The birth of Jesus
The birth of Jesus

What we need to focus on during the Christmas season is the “why,” not the “when.”

What we need to focus on during the Christmas season is the “why,” not the “when.” Or any of the other insignificant details of the holiday because they were all made up. Even the date. Other than the actual birth of Christ, the rest of what we consider a traditional Christmas was invented by human beings. The date, the season, the traditions. Even the giving of gifts did not happen on the day Jesus was born as we often believe. Instead, the only gift given that day was from God to us in the form of a baby in a manger. Which is the reason we celebrate. If you have a Bible or a Bible app on your phone, would you please go to the Gospel of Luke beginning with chapter 2, verse 8. Luke 2:8. During our sermon series we will explore different “truths” about Christmas, some of the beliefs that we cling to that have no basis in faith but are of human creation. We’ll focus on talking more in-depth about the Biblical narrative and hopefully remember the root of why this day is so important to us during this Christmas season. For today, let us be reminded of that fateful evening long ago that changed the world.

 8 And there were shepherds living out in the fields nearby, keeping watch over their flocks at night. 9 An angel of the Lord appeared to them, and the glory of the Lord shone around them, and they were terrified. 10 But the angel said to them, “Do not be afraid. I bring you good news that will cause great joy for all the people. 11 Today in the town of David a Savior has been born to you; he is the Messiah, the Lord. 12 This will be a sign to you: You will find a baby wrapped in cloths and lying in a manger.”

 13 Suddenly a great company of the heavenly host appeared with the angel, praising God and saying,

 14 “Glory to God in the highest heaven,
and on earth peace to those on whom his favor rests.”

This is the importance of Christmas.

The birth of Christ into the world. “Today in the town of David a savior has been born to you; he is the Messiah, the Lord.” In all the hubbub of the Christmas season, it’s good to simply share in the story of the birth of Christ and be reminded of the significance of that moment when “a great company of the heavenly host appeared” saying, “Glory to God in the highest heaven and on earth peace to those on whom his favor rests.” When I mentioned we need to focus on the “why” instead of the “when,” this is the “why” we need to focus on – why we celebrate the season. We celebrate the fact that God humbled himself to enter into the world just as we do. God became man to lead us, guide us, and share with us the good news of salvation that comes through him. The good news that the angel refers to is of course the birth of Jesus and as we like to say, he is the reason for the season. Instead of getting focused on the details of Christmas or worrying about the commercialization of Christmas or that the season is losing it’s meaning, we need to instead focus on the meaning ourselves. When we do that, when we make it clear why we celebrate the season, the rest of it will happen by itself. We aren’t losing Christmas because there is a war on Christmas by a bunch of haters. We’re not losing Christmas to Festivus or Christmukkah or any other made-up holiday. If we’re losing Christmas or it’s being hijacked by commercialism, it’s because we haven’t done a good enough job of keeping the meaning of Christmas IN Christmas. We need to both teach and practice the meaning of Christmas so that it WILL be remembered. When we do that, we don’t need to worry. Christmas will take care of itself.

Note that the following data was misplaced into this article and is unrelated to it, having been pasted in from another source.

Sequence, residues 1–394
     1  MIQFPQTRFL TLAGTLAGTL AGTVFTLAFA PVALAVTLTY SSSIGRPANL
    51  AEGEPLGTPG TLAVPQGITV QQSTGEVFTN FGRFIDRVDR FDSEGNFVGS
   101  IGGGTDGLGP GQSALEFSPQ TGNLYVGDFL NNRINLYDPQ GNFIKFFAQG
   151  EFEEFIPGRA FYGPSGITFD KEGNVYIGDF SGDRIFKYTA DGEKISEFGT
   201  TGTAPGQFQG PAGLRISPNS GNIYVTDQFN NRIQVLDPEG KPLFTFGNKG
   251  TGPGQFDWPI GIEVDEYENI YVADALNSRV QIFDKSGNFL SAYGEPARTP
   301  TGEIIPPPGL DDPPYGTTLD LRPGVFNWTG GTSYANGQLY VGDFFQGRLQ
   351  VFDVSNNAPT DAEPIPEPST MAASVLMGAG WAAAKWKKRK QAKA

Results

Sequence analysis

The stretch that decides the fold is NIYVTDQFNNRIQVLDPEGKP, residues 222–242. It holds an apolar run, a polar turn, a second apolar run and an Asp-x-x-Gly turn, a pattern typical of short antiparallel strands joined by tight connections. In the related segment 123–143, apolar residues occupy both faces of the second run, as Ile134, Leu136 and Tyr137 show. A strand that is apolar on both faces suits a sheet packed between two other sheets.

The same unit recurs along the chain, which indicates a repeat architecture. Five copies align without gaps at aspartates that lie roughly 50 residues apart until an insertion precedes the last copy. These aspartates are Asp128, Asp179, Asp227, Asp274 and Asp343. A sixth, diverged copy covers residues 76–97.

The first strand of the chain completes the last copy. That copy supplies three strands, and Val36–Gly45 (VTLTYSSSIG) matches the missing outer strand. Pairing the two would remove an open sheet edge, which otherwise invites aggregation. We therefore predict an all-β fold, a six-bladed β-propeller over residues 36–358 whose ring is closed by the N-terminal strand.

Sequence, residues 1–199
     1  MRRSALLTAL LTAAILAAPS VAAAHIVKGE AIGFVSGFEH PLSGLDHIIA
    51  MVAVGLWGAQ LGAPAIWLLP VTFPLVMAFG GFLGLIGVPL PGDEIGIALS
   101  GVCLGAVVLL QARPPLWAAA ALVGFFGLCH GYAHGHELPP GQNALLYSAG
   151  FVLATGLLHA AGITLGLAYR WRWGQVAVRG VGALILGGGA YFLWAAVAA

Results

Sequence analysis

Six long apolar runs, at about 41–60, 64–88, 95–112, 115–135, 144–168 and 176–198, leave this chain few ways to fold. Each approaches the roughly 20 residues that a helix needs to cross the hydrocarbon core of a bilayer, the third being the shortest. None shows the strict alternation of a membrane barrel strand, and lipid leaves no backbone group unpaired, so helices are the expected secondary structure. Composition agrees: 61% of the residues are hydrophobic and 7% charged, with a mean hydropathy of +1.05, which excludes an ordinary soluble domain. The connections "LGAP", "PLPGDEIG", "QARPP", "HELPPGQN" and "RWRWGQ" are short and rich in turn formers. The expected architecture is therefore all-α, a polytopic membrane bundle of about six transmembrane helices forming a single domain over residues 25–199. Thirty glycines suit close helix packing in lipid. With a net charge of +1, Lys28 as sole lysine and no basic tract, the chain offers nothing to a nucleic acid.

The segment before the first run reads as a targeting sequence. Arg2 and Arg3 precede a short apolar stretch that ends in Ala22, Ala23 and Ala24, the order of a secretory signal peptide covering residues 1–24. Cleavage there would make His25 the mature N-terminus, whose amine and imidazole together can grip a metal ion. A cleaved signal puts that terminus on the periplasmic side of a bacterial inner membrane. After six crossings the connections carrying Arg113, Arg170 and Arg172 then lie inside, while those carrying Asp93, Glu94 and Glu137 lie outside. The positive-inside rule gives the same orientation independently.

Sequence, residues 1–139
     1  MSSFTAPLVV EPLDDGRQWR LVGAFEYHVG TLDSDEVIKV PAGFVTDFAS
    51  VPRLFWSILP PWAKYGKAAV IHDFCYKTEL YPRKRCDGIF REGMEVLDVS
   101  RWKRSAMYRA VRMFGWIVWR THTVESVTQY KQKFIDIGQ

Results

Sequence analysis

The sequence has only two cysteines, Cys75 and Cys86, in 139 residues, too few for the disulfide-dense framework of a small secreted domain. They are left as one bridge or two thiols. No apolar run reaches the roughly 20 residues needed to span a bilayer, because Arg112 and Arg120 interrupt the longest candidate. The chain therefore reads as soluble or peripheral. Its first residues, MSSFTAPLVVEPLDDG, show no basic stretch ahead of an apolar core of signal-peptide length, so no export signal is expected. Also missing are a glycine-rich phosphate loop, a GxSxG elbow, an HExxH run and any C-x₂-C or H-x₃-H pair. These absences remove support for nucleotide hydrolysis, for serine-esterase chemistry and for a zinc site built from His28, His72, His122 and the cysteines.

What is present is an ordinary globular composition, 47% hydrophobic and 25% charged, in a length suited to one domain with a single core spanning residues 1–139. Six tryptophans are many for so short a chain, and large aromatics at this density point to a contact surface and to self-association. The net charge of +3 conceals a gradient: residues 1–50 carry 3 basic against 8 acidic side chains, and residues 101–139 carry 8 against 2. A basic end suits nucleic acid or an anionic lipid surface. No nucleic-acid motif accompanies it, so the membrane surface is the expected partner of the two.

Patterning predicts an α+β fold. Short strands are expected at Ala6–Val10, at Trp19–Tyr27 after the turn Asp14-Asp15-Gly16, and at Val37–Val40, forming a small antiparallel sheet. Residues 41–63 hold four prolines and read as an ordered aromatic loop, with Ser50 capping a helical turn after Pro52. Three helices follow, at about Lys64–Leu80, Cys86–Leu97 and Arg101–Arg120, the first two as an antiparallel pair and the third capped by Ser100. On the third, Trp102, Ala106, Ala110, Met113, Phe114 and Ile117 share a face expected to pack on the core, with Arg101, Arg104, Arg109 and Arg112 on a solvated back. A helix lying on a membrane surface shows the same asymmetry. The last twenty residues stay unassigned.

Let me tell you a story about a friend of mine named Mark Thompson.

We went to Cerritos Elementary School and had most of the same teachers all the way up through fourth grade. Mark is coming up on his 12th birthday. That’s right. His 12th birthday. And I don’t mean because he’s young at heart. I mean literally, his 12th birthday. If you haven’t figured it out already, Mark is a “leaper” or “leapling” as they call it. He was born on February 29th, 1968, the same year as I was born. Yet he is only 11 years old because of the way we keep time on the calendar. Since his actual birth date only occurs once every 4 years, he is only one-fourth of my age. But is he really? We’ve lived the same number of days – actually I’ve lived less of them since my birthday is after his. But Mark used to like to say that he’d live to be a lot older than me because he’s aging only a fourth as fast as I am. I hate to break it to him, but he’s not really aging slower than anybody. Just because the date of his birth only shows up on a calendar once every four years, doesn’t take away from the fact that he’s still aging like the rest of us. All of that to say that December 25th is just a number. Christmas should live in our hearts every day. In the name of the Father and of the Son and of the Holy Spirit. Amen.


[1] http://edition.cnn.com/2009/LIVING/12/23/festivus.holiday/index.html